Wasson quoted their teacher, French mime Étienne Decroux: “There are two things. There’s the technique, that’s neutral, that’s for everyone. Then there is my style, and that’s mine.” These dynamics of movement, these ways of refracting simple gestures into whole episodes, become personalized as you train. They pointed out that while it is useful to conceive of your body as an instrument, it’s more accurate to think of it as an orchestra—the head is not quite the arm is not quite the muscles in the arm is not quite the fingers, and so on—and each piece can dissociate, can split off to play a different rhythm and tone. Indeed, you can complicate and expand anything. Countless stories await.
Workshop #2: “Clown: Play and Presence”
with Frank Wurzinger
Wurzinger did not let his back injury, acquired during the Saturday night performance of Confetti Maker, prevent him from leading his wonderful clowning workshop. (Or from performing his show one final time on Tuesday night.)
We begin sitting in a circle, listening to Wurzinger briefly outline his feelings about clowning. He then asks us to go around and say our name to the group, and to say how we are feeling. We do so. This, it turns out, is a foundation of his clown philosophy: commenting on how the present makes you feel.
He then says: “When I point to you, say your name to the group.” He begins, at random gesturing to each of us in random sequence, and we all call out our name. Then, totally deadpan, he adds: “Now, when I point to you, the group will say your name to you.” Giggles ripple around the ring: we certainly don’t know every other name yet—but we power through. “Now,” Wurzinger asks after that ends, “how did it make you feel to have everyone say your name?”
He transitions us into an exploration of our bodies in the space. The common elements of this movement exercise are there: we are invited to lead with different parts of our body, to explore levels, to vocalize. However, Wurzinger adds an invitation that many of us had never received before: “You are invited to do nothing.”
That invitation further develops Wurzinger’s main ideas about being a clown.
- Don’t suffer.
- Be honest.
- Do what you’re doing for however long you wish—but no longer.
We begin to play simple games, like imitating each other’s movements, or jumping up and down at the same time as our partner. I always rediscover the simplest games offer the purest fun—that finding the game is the heart of clowning. Wurzinger deepens that idea for me. Not only do clowns find the game, but they “declare the game” to the audience, because clowns acknowledge the theatricality of what they’re doing. Because what clowns do always includes their audience.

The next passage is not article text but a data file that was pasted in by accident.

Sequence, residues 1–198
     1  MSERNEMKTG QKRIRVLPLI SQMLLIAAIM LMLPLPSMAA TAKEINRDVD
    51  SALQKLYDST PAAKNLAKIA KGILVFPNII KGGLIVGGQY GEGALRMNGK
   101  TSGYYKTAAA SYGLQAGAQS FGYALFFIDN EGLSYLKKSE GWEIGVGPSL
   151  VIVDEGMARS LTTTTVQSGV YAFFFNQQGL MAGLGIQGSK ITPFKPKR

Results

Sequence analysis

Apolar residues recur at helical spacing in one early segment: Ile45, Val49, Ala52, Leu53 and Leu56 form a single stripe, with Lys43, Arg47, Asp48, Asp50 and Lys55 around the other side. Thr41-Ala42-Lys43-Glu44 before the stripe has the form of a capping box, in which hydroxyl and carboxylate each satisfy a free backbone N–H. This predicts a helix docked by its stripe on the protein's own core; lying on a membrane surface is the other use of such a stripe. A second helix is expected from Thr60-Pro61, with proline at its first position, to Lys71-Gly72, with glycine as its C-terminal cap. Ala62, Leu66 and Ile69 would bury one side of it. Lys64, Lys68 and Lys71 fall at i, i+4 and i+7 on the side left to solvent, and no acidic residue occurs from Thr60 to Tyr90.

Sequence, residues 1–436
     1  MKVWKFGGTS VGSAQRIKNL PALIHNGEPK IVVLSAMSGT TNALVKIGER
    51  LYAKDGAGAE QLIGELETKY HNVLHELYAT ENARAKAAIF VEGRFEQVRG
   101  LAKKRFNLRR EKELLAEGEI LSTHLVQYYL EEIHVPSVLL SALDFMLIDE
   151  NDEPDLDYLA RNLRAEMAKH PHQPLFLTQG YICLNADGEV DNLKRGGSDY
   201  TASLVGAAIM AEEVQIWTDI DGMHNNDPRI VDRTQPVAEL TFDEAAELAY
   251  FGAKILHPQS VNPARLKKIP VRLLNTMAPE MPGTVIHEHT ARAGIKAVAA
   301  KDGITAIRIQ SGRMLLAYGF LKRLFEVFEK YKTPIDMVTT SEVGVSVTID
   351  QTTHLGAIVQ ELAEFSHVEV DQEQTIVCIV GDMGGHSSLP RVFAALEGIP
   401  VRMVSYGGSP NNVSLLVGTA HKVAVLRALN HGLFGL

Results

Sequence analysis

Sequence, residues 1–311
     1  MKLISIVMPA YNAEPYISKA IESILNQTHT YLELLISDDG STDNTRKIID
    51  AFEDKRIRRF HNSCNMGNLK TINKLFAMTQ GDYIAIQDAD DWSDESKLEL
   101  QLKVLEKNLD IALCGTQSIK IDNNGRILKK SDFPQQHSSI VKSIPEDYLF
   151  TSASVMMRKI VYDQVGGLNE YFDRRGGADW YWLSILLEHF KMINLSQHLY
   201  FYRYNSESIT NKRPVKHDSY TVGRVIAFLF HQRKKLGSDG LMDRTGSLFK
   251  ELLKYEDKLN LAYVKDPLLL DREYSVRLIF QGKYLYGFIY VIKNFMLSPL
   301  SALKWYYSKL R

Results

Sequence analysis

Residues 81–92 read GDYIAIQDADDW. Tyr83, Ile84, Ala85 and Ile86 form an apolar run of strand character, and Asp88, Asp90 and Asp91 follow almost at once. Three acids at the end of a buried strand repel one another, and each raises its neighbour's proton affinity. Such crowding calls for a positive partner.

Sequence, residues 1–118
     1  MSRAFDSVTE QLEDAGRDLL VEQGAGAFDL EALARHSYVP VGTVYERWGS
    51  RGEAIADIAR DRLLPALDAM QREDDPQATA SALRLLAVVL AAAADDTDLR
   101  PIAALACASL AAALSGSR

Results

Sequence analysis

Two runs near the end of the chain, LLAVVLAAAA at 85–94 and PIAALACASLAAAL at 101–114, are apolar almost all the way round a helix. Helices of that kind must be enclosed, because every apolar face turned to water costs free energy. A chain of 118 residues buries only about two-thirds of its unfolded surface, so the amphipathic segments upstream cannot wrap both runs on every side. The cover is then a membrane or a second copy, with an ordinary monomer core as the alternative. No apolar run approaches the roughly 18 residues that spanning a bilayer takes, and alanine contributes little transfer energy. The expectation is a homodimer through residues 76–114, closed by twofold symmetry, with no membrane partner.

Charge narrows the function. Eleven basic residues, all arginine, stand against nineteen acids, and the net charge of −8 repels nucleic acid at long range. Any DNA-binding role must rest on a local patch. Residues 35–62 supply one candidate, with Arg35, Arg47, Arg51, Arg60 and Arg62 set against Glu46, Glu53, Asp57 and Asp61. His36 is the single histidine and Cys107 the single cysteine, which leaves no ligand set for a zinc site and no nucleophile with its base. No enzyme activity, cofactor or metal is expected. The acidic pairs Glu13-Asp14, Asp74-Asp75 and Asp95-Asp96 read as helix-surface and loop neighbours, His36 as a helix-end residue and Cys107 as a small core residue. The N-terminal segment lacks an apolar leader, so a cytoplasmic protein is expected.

The closing section of class has groups going up onstage and being present together under Wurzinger’s side-coaching. One group invented a dance. One group performed a new opera. One group struggled to gel, before realizing that they all wanted to push each other over in a fit of clown horseplay. But then Wurzinger begins to pull single clowns down to the front of the stage.
“How do you feel about that?” he asks them, indicating whatever lovely confounding thing is happening on the other side of the stage. This is the heart, the subtext, of the clown’s classic gaze of wonderment toward the audience: “Are you seeing this? This makes feel x or y or z.”
Ultimately, I meditated most on Wurzinger’s perspective on comfort zones. “I play really well when I feel safe,” he says. “If I’m not feeling safe, I’m shit. Right?” This prompted an excellent mini-discussion among the students—was it vulnerable to admit you were bored and change what you were doing? Or was it more vulnerable to stay in boredom (or confusion, or discomfort, etc.) and trust something would come? An answer to this came from Wurzinger at a different point in the class: that a mentor once told him dancing was “moving with awareness,” so any movement could be a dance. And with a clown, there’s the dance of being lost, of wanting to join the fun conversation at the party, of discovering something neat. “The audience will see that and go, ‘I know that dance.’” It was one of the most humanely understanding things I’d ever heard.
Indeed, the implications of the work and discussion of “Clowning: Play and Presence” are still bouncing around inside me. I hope they’re making me a little more playful, a little more generous, and a little less harsh with myself when I need to be comfortable and do nothing.